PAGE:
"'I can only act according to what I am and what I see. And I see that the military complex wastes both human and material resources, that it fosters disregard for (what I consider a paramount concern) human needs and ends; I see that the means we employ to "defend" our "way of life" profoundly change that way of life. I see that in our failure to recognize the political, social, and economic realities of the world, we, as a nation, fail our responsibility as a nation.'" Id., at 342.

The essence of Welsh's philosophy, on the basis of which we held he was entitled to an exemption, was in these words:

"'I believe that human life is valuable in and of itself; in its living; therefore I will not injure or kill another human being. This belief (and the corresponding "duty" to abstain from violence toward another person) is not "superior to those arising from any human relation." On the contrary: it is essential to every human relation. I cannot, therefore, conscientiously comply with the Government's insistence that I assume duties which I feel are immoral and totally repugnant.'" Id., at 343.

I adhere to these exalted views of "religion" and see no acceptable alternative to them now that we have become a Nation of many religions and sects, representing all of the diversities of the human race. United States v. Seeger, 380 U.S., at 192-193 (concurring opinion).


NotesEdit

^ . Thus, in Prince v. Massachusetts, 321 U.S. 158, a Jehovah's Witness was convicted for having violated a state child labor law by allowing her nine-year-old niece and ward to circulate religious literature on the public streets. There, as here, the narrow question was the religious liberty of the adult. There, as here, the Court analyzed the problem from the point of view of the State's conflicting interest in the welfare of the child. But, as Mr. Justice Brennan, speaking for the Court, has so recently pointed out, "The Court [in Prince] implicitly held that the custodian had standing to assert alleged freedom of religion...rights of the child that were threatened in the very litigation before the Court and that the child had no effective way of asserting herself." Eisenstadt v. Baird, 405 U.S. 438, 446 n. 6. Here, as in Prince, the children have no effective alternate means to vindicate their rights. The question, therefore, is squarely before us.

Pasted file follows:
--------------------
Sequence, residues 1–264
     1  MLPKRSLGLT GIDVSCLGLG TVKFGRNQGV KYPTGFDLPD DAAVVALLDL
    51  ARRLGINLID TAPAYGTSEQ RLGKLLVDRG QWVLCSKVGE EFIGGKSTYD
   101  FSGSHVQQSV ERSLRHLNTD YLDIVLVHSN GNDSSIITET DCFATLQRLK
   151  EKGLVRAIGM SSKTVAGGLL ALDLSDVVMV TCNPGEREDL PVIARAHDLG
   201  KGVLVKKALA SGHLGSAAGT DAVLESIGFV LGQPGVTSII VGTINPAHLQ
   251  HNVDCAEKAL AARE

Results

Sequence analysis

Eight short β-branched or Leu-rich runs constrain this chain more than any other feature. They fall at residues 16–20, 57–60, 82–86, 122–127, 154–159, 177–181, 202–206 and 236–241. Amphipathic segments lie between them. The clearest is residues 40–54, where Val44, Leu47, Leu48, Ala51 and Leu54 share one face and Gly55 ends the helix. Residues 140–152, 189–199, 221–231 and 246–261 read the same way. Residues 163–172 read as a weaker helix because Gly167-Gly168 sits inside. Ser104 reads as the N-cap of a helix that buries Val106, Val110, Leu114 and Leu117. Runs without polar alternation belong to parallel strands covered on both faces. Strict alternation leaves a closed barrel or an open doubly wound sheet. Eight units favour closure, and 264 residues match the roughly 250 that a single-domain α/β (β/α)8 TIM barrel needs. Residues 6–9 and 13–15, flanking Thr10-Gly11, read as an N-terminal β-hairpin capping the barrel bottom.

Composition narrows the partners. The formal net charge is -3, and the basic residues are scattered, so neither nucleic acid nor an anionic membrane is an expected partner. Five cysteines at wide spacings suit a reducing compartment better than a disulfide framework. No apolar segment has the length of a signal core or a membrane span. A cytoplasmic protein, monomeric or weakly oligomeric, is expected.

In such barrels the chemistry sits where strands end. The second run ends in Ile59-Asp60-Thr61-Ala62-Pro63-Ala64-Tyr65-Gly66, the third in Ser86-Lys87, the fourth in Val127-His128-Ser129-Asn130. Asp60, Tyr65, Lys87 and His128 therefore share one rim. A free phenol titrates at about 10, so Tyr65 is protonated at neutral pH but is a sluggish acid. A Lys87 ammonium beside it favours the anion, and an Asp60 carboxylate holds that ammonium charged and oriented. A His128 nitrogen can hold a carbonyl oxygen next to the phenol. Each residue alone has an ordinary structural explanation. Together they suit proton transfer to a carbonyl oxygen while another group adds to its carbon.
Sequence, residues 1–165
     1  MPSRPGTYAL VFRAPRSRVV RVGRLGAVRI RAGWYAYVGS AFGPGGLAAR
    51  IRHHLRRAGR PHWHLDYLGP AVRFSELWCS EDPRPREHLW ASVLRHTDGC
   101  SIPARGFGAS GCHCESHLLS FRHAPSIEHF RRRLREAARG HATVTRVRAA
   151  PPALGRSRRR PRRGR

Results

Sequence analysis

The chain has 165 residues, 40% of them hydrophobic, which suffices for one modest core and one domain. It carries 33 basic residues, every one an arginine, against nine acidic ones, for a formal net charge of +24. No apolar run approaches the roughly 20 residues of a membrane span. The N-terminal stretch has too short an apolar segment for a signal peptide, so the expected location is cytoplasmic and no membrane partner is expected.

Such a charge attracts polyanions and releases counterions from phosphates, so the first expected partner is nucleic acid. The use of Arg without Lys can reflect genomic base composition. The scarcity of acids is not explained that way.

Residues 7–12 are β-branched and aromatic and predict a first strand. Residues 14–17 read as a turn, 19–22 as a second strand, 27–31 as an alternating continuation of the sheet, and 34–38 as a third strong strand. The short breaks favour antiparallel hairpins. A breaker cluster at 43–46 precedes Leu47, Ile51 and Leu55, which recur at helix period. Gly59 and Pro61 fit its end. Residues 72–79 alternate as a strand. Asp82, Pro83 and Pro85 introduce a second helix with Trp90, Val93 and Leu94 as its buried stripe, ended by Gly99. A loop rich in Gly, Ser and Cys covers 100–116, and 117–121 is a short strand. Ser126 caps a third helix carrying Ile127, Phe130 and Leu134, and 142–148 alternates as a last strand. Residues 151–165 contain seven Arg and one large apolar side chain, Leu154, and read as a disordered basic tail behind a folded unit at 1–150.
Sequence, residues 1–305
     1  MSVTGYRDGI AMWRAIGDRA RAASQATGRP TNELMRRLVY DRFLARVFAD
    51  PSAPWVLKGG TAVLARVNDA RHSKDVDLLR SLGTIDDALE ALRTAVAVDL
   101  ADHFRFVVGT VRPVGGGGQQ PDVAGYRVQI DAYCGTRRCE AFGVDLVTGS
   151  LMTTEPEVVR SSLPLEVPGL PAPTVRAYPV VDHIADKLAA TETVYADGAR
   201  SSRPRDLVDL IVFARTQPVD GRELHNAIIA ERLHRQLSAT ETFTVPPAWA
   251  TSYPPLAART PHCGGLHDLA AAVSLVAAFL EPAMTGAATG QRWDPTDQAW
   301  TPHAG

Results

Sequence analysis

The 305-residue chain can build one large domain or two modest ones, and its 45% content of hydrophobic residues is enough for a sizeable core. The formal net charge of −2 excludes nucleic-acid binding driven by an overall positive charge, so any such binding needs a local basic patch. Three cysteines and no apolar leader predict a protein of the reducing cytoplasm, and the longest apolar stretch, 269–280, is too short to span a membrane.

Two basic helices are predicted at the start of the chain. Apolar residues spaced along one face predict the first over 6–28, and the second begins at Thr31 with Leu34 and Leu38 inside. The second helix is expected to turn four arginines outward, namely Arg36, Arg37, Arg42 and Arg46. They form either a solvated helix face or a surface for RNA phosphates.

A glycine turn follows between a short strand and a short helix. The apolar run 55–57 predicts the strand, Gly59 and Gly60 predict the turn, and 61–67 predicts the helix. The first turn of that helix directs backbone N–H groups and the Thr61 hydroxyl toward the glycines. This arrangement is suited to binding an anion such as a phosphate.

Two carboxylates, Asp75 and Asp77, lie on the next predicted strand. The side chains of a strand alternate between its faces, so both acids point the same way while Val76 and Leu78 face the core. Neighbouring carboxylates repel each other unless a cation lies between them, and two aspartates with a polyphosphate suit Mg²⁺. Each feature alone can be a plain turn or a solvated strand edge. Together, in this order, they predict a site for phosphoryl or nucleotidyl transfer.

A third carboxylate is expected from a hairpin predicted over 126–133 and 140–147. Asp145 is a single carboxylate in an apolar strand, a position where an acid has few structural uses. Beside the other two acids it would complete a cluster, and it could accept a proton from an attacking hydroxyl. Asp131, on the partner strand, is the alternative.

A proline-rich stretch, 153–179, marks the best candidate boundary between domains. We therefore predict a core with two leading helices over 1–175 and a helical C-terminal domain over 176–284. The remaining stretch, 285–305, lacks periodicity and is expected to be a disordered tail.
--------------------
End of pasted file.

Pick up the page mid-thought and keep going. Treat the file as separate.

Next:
^ . A significant number of Amish children do leave the Old Order. Professor Hostetler notes that "[t]he loss of members is very limited in some Amish districts and considerable in others." J. Hostetler, Amish Society 226 (1968). In one Pennsylvania church, he observed a defection rate of 30%. Ibid. Rates up to 50% have been reported by others. Casad, Compulsory High School Attendance and the Old Order Amish: A Commentary on State v. Garber, 16 Kan. L. Rev. 423, 434 n. 51 (1968).